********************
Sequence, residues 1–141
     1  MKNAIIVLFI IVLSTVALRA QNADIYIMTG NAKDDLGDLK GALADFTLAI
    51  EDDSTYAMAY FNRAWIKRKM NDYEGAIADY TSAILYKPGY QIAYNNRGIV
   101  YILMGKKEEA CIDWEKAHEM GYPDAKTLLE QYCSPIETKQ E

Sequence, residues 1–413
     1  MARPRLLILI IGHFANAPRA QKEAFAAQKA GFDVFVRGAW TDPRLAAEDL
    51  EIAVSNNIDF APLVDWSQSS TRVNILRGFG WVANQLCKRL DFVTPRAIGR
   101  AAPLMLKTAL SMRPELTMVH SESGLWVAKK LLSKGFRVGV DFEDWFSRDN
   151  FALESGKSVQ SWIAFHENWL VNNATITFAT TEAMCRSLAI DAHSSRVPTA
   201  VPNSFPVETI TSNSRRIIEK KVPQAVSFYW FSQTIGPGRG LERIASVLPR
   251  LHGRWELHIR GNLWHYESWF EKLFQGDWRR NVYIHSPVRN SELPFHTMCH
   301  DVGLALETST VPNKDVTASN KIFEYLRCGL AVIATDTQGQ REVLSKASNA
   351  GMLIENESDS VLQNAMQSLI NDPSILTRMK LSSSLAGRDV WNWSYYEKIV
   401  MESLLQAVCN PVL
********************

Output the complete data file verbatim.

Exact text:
Sequence, residues 1–141
     1  MKNAIIVLFI IVLSTVALRA QNADIYIMTG NAKDDLGDLK GALADFTLAI
    51  EDDSTYAMAY FNRAWIKRKM NDYEGAIADY TSAILYKPGY QIAYNNRGIV
   101  YILMGKKEEA CIDWEKAHEM GYPDAKTLLE QYCSPIETKQ E

Sequence, residues 1–413
     1  MARPRLLILI IGHFANAPRA QKEAFAAQKA GFDVFVRGAW TDPRLAAEDL
    51  EIAVSNNIDF APLVDWSQSS TRVNILRGFG WVANQLCKRL DFVTPRAIGR
   101  AAPLMLKTAL SMRPELTMVH SESGLWVAKK LLSKGFRVGV DFEDWFSRDN
   151  FALESGKSVQ SWIAFHENWL VNNATITFAT TEAMCRSLAI DAHSSRVPTA
   201  VPNSFPVETI TSNSRRIIEK KVPQAVSFYW FSQTIGPGRG LERIASVLPR
   251  LHGRWELHIR GNLWHYESWF EKLFQGDWRR NVYIHSPVRN SELPFHTMCH
   301  DVGLALETST VPNKDVTASN KIFEYLRCGL AVIATDTQGQ REVLSKASNA
   351  GMLIENESDS VLQNAMQSLI NDPSILTRMK LSSSLAGRDV WNWSYYEKIV
   401  MESLLQAVCN PVL